With breeding and how it affects the results in offspring when you breed an A2/A2 with an A2/A2, there are 2 copies of A2 present. This means you have an A2/A2 offspring. When you breed an A1/A2 with an A2/A2 animal, there’s one copy of A2 present, 50% of their offspring will be A2/A2. A1/A1 has no copies of A2 present so their offspring is, of course, A1/A1. Whew! Did you get that?
“We’ve got a huge amount of observational evidence that a lot of people can digest the A2, but not the A1,” says Keith Woodford, a professor of farm management and agribusiness at New Zealand’s Lincoln University. He wrote the 2007 book Devil in the Milk: Illness, Health, and the Politics of A1 and A2 Milk. He goes on to say: “More than 100 studies suggest links between the A1 protein and a whole range of health conditions” everything from heart disease to diabetes to autism. Though some people contend the evidence is far from conclusive, but isn’t this usually the case.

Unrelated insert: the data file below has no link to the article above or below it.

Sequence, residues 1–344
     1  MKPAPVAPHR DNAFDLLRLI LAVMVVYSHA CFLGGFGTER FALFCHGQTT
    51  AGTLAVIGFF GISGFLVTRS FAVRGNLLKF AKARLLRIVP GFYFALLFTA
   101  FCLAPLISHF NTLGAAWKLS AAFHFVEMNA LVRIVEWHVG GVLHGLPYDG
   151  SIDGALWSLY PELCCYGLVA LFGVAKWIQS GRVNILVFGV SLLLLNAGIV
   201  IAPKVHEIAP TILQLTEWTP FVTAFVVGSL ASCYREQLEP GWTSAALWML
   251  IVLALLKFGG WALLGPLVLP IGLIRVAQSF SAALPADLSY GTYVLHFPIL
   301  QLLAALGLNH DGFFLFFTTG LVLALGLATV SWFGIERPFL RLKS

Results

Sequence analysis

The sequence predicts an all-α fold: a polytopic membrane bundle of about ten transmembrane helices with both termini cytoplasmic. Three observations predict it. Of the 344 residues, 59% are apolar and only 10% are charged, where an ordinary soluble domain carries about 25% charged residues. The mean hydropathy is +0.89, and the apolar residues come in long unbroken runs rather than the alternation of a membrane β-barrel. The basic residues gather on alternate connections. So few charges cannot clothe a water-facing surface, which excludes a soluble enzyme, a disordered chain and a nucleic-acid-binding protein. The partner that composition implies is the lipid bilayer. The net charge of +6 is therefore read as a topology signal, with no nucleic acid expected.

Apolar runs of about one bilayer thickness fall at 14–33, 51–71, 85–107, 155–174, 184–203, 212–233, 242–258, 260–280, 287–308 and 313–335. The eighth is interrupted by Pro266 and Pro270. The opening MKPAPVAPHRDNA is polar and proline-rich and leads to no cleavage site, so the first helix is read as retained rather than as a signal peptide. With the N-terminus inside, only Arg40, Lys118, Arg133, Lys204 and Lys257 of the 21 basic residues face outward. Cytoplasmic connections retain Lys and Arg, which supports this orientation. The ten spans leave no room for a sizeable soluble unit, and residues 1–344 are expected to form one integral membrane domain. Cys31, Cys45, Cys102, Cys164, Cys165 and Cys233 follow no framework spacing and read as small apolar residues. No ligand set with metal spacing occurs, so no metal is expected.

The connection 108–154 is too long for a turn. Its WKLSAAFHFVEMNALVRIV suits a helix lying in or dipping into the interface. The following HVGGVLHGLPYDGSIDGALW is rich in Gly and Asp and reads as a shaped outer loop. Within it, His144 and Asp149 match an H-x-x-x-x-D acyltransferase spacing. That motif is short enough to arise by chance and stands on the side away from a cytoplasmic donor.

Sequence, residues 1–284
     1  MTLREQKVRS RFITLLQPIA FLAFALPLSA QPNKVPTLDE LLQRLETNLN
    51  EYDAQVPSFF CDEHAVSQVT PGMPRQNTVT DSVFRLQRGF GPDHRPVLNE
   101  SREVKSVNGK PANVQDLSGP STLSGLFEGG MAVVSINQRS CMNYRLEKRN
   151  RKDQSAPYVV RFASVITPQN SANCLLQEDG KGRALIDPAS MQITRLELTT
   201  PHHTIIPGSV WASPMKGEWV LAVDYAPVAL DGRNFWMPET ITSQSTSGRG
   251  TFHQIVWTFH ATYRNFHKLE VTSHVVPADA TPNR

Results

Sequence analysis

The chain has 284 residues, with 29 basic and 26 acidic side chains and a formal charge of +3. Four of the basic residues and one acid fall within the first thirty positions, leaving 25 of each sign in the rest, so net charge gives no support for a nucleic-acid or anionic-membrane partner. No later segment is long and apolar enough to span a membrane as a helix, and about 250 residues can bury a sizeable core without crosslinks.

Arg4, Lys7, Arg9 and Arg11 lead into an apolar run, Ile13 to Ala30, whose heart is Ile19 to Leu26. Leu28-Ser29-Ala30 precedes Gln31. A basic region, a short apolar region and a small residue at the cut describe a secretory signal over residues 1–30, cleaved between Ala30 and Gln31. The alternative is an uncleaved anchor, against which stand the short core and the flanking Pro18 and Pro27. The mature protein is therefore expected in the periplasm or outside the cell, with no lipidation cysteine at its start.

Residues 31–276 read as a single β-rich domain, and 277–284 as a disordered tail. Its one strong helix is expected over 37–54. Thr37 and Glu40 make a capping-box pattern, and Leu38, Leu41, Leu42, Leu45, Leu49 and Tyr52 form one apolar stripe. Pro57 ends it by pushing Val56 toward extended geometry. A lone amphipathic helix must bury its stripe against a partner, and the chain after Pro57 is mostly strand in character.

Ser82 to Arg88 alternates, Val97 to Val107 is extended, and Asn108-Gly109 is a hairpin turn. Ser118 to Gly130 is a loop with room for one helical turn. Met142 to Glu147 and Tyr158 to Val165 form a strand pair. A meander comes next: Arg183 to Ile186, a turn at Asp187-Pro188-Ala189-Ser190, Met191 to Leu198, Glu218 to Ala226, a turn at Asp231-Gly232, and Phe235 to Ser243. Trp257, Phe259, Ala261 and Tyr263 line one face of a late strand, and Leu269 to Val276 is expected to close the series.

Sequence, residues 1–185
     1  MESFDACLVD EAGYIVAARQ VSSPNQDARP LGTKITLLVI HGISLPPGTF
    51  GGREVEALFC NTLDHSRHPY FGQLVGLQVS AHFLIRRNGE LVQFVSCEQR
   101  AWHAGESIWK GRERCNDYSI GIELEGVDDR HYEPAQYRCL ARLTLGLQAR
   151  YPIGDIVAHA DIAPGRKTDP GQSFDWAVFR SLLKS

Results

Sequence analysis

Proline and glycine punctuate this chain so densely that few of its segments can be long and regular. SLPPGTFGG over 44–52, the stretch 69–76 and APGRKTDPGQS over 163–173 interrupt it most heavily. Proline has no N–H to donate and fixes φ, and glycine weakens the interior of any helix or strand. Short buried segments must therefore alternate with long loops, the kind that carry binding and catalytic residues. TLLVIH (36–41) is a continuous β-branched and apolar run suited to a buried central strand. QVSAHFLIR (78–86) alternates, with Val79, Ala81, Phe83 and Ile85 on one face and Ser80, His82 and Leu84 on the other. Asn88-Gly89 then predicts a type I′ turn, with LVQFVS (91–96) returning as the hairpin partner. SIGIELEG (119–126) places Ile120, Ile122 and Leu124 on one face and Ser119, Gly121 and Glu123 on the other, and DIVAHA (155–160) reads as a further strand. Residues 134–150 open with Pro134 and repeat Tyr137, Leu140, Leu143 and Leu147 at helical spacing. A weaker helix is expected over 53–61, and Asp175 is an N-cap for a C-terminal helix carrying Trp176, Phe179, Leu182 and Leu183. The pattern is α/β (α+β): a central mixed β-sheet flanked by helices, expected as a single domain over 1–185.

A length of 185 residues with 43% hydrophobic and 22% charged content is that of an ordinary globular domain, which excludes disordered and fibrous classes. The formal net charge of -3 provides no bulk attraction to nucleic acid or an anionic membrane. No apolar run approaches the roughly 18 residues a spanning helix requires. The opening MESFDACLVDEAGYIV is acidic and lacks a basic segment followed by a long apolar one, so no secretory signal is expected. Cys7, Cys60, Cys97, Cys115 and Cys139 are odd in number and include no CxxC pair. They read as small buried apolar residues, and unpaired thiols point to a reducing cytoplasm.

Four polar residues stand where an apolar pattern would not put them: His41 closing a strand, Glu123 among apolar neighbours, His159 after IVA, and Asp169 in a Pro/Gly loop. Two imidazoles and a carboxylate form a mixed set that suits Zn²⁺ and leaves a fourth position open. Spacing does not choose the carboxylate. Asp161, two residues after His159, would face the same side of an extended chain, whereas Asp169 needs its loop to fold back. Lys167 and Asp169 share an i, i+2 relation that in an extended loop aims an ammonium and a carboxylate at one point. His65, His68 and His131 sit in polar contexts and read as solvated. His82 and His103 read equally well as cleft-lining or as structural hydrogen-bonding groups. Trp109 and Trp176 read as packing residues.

Now, all this study and research has its place, but it doesn’t really carry that much weight with me. I feel this way mostly because for every study done by one research group, I can find another test result by another group which says the exact opposite.
The A1A1 dairies, which dominate the American market, make their money selling millions of gallons of milk in the stores. The possibility of certain groups getting paid to put out studies and research with a predetermined favorable outcome is high. I would guess this happens more times in research than we would like to admit. So how do I know what research or book to believe on the subject of what the best milk is for my family? I listen to my own body.